Weekly Wire
Memphis Flyer A Long, Strange Trip

By Mark Jordan

OCTOBER 12, 1998:  As part of the post-Grateful Dead generation of jam bands known for their long and unpredictable live shows, Athens, Georgia’s Widespread Panic understandably spend a lot of time on the road, playing as many as 175 dates a year.

So when keyboardist John “jOjO” Herman gets home to his little place in Taylor, Mississippi, just five miles outside of Oxford, you would think he would want just to relax in front of the TV or something. But instead, he heads into the pen out back and starts slinging the slop.

“I raise bush hogs,” says Herman. “I’ve got about 15 head right now. I needed something to get rid of all the kudzu down there. So, I just started raising bush hogs, and they eat the kudzu up. … They just get fat and then we cook them up for dinner.”

It’s an unusual hobby for a player in a band of Widespread Panic’s stature. After all, though you may not see them on MTV or at many of the annual awards shows, Widespread has followed the example of their inspiration, the Grateful Dead, and become one of the top touring bands around. They routinely sell out tours at home and abroad, and, like the Dead before them, they’re followed on tour by a caravan of fans who catch as many shows as they can.

“We have a lot of friends and see a lot of familiar faces on the road,” Herman says. “And it’s good to see the same people at every show on the road. I like the continuity. It’s also a big reason behind why we don’t repeat songs, because we know a lot of the same people are at the shows night after night.”

That pressure to play a fresh, original show every night has led Widespread Panic to hone themselves into one of the better grooving and exciting live bands. Herman, vocalist John Bell, guitarist Michael Houser, bassist Dave Schools, drummer Todd Nance, and percussionist Domingo Ortiz play a loose, jazzy form of blues-inflected rock that, despite comparisons to the Dead, really recalls such Southern rock favorites as the Allman Brothers and Lynyrd Skynyrd more than anything that ever came out of the Bay Area. But, regardless of their true roots, references to the Dead hound Widespread, much as they do other neo-jam bands such as Widespread’s Northeast counterparts Phish.

If Herman seems resigned to that fate, it is because, despite joining Widespread only in 1993, he is a jam-band veteran. Before being asked to join Widespread, Herman lived in Oxford – having arrived there in the mid-’80s from his native “up North somewhere” – where he played keyboards for a similar improvisation-oriented group, Beanland. That band was a regional favorite that frequently played with Widespread until breaking up in the early ’90s.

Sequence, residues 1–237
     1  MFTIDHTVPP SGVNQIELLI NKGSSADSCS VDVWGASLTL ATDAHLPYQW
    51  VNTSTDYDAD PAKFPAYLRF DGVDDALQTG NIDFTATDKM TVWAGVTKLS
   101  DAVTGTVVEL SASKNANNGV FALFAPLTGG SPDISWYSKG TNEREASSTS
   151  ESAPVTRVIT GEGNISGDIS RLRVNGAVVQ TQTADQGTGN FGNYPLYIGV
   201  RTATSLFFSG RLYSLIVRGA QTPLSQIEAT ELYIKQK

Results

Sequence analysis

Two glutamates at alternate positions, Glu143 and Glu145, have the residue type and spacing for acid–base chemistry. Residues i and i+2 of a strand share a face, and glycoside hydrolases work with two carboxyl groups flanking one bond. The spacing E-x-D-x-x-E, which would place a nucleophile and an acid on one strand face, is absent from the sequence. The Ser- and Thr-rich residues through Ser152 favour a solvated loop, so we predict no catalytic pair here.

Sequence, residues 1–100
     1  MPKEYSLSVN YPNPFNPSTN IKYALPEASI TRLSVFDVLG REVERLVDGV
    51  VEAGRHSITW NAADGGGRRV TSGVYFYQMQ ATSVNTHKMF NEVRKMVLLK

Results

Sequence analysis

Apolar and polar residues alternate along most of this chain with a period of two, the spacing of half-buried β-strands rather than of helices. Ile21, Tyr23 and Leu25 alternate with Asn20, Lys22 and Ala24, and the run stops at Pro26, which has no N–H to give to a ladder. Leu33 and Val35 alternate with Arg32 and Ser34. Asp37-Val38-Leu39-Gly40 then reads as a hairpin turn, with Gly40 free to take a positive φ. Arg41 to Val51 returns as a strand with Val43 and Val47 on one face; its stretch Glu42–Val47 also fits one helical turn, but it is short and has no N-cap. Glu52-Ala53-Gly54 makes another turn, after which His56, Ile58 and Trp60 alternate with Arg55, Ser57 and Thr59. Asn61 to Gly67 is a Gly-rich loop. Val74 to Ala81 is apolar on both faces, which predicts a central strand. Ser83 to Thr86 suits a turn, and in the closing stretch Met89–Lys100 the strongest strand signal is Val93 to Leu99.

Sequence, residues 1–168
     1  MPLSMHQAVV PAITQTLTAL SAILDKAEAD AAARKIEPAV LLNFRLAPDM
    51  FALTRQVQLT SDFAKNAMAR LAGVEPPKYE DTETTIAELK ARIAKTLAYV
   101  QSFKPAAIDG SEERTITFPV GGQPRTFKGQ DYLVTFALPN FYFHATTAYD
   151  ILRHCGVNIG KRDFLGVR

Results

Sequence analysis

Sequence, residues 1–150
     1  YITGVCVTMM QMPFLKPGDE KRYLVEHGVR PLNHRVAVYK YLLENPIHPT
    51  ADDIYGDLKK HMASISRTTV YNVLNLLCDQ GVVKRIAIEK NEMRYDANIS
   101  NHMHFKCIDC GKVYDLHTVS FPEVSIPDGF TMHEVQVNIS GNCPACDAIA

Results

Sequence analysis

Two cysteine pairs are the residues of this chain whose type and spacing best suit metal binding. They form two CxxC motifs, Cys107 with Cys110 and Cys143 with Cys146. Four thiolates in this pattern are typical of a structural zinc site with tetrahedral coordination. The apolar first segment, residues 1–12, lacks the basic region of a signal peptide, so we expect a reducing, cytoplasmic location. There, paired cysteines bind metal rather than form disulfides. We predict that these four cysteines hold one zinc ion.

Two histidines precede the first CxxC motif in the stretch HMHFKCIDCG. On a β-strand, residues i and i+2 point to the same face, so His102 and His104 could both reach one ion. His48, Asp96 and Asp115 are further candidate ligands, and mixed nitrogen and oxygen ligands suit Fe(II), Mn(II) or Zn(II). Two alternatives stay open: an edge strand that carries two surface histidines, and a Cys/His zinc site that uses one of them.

“The guys in Widespread called me up one day out of the blue and asked me if I wanted to go on the road,” Herman recalls. “Beanland was kind of on hiatus at that time, so I went.”

Since then, Herman has recorded four albums and logged thousands of miles with the band. Most recently, Widespread debuted its latest album, the live double-CD set Light Fuse, Get Away, at a giant CD-release party in Athens that attracted a crowd estimated at between 70,000 and 100,000.

Light Fuse, Get Away is bound to prove a fan favorite because it captures the band’s incredible live shows, the source of their popularity. But the new album also points out a shortcoming in Widespread’s success. They may be one of the few bands that regularly sells out arenas but has never had a hit.

“One thing is that our albums are different from our shows,” explains Herman. “On our albums we concentrate more on the songs, and the songs are much shorter than they are live. … I like going in the studio, and I like making records. And we’re going to keep making them, and you know, one of them will hit one day. We know that, and I think everyone else knows that. We’re not in a big rush. As long as we can stay on the road and keep doing what we’re doing, we feel okay about it. If the lack of a big record meant we had to break up, then I’d be worried about it. But we’re very fortunate that we’re able to do the live thing and the records are just kind of gravy.”


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